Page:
by Audrey Barclay
Most young people stare in disbelief as though they'd like to say, "You're crazy; 1933 couldn't have been that bad," when their elders start reminiscing of those days.
It was another year of depression, despair, breadlines, bank failures, and suicides of epidemic proportions because of financial losses. Work was scarce, wages low for those who had employment. We were among the lucky ones; my husband was a car-carpenter for the railroad, but was often idle several days at the end of the month. No money, no work, so smaller pay.
During that memorable year our family grew to thirteen when our last child arrived in May and two months later my mother and sister came to live with us. It was hard enough to feed and clothe so many, much less make the $11.95 monthly payment on our home. The boys wore overalls that were patched upon patches, and I searched remnant counters for cottons for shirts and dresses. I made quilts from the left-over bits of materials; there were beds in every room but the kitchen.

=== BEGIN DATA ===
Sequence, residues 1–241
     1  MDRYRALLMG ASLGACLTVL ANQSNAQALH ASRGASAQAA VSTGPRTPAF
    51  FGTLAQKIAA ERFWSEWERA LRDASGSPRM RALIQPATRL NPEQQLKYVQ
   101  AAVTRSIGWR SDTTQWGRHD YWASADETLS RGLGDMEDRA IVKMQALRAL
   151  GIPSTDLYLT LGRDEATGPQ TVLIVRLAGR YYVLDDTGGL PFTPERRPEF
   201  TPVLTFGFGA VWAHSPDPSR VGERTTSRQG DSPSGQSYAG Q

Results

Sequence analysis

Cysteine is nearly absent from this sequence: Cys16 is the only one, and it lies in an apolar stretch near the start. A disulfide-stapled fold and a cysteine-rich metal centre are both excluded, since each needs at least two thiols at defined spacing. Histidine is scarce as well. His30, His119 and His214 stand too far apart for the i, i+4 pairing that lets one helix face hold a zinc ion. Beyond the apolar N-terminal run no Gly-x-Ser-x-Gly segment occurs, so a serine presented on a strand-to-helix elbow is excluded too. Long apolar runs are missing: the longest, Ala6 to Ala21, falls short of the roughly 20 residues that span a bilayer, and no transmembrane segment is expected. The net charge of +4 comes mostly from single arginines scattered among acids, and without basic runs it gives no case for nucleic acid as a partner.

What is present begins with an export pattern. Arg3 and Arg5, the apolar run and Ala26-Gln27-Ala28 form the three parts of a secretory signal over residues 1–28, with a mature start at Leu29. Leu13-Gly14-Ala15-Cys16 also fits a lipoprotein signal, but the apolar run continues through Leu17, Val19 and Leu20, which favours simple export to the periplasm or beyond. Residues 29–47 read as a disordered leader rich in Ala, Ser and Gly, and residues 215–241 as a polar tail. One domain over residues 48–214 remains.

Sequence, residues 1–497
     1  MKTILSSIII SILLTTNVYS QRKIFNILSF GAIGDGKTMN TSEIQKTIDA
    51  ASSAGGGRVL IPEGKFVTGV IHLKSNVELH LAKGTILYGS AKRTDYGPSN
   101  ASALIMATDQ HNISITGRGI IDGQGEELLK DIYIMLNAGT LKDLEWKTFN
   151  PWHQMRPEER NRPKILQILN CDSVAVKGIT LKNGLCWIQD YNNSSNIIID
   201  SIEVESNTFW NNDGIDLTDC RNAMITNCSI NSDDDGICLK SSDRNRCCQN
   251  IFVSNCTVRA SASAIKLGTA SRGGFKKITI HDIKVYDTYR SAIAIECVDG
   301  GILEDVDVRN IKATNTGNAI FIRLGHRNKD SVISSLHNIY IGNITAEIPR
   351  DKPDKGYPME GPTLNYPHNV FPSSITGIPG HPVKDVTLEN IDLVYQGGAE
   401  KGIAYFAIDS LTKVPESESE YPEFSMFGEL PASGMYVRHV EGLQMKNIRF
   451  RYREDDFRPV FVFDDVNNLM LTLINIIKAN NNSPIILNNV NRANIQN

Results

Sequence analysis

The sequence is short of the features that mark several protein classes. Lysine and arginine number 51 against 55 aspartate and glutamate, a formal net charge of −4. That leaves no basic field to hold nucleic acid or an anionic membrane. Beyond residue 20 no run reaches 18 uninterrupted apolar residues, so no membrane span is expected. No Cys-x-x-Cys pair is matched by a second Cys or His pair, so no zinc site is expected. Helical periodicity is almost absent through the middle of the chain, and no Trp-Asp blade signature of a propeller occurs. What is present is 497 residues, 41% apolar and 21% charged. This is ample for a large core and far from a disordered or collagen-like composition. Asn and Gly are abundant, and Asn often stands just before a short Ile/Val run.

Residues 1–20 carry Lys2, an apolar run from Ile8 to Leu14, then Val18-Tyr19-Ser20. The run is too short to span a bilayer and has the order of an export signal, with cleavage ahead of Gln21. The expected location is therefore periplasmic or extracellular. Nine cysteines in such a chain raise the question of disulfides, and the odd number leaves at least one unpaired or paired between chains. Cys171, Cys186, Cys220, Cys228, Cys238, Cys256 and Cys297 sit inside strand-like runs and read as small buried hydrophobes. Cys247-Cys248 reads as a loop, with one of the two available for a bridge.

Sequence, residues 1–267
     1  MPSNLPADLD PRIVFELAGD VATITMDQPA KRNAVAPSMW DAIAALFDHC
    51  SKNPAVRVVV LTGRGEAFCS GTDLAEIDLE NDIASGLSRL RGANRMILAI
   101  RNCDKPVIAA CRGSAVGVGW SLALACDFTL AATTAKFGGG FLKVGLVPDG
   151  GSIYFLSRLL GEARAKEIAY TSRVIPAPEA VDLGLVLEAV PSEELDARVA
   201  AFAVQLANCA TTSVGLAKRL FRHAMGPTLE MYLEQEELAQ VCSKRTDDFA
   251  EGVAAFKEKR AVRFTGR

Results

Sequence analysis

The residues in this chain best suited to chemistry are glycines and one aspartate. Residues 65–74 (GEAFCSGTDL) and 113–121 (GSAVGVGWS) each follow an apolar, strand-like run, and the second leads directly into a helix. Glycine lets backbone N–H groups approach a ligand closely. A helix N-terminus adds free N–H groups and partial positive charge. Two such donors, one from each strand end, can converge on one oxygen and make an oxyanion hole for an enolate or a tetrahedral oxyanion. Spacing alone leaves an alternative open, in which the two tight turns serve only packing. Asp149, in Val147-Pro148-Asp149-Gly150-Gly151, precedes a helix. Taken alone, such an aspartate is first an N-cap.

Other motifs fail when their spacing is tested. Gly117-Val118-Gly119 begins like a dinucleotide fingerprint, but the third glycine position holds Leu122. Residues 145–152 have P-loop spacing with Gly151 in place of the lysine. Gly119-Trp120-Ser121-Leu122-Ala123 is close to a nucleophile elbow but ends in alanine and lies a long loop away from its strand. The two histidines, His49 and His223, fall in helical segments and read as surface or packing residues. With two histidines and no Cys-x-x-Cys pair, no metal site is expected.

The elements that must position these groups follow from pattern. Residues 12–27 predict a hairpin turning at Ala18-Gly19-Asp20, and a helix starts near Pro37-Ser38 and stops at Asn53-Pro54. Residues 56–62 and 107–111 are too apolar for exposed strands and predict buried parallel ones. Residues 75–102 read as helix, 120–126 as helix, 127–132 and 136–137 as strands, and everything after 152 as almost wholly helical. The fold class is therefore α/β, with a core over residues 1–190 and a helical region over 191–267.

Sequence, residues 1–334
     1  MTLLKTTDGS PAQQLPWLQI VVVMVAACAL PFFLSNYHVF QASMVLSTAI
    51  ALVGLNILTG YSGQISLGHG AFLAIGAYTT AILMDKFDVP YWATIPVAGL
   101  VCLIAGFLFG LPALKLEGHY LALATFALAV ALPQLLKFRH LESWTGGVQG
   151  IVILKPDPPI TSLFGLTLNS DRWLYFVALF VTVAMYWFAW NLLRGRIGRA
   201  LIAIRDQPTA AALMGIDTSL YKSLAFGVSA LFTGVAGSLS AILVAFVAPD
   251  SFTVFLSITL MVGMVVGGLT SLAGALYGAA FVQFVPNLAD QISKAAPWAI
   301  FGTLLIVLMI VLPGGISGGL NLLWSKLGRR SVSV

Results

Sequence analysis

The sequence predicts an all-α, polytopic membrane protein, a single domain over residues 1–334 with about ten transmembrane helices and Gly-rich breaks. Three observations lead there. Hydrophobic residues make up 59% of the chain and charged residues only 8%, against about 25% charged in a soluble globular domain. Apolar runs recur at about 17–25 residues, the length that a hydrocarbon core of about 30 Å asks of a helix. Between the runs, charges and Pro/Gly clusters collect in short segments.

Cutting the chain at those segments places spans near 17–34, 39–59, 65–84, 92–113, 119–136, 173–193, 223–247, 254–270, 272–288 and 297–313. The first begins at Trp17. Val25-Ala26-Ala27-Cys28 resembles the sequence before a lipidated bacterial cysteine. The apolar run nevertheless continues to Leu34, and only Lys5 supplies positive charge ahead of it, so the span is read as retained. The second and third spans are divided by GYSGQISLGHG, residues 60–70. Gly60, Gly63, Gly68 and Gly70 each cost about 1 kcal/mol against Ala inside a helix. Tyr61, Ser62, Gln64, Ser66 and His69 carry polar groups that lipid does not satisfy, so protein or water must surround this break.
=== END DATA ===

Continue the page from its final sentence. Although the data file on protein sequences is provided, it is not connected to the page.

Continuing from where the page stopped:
Franklin D. Roosevelt was inaugurated that year for his first term as president. Within minutes after the ceremony his first official act was to close every bank in the country, indefinitely, in what proved to be a successful move to stabilize the economic structure of our nation.
Later, when prohibition was repealed, and women's skirts crept to knee-length, everyone knew the world was headed for perdition. 'Twas not so!
Editor's Note: Grandma Audrey didn't know it at the time she wrote the above piece, but she was actually a distant relative of President Franklin Delano Roosevelt: half-sixth cousin, twice removed. Their common ancestor was a Dutchman, Jan Barensten Kunst, who came from the Netherlands to America aboard the "Gilded Beaver" in 1658.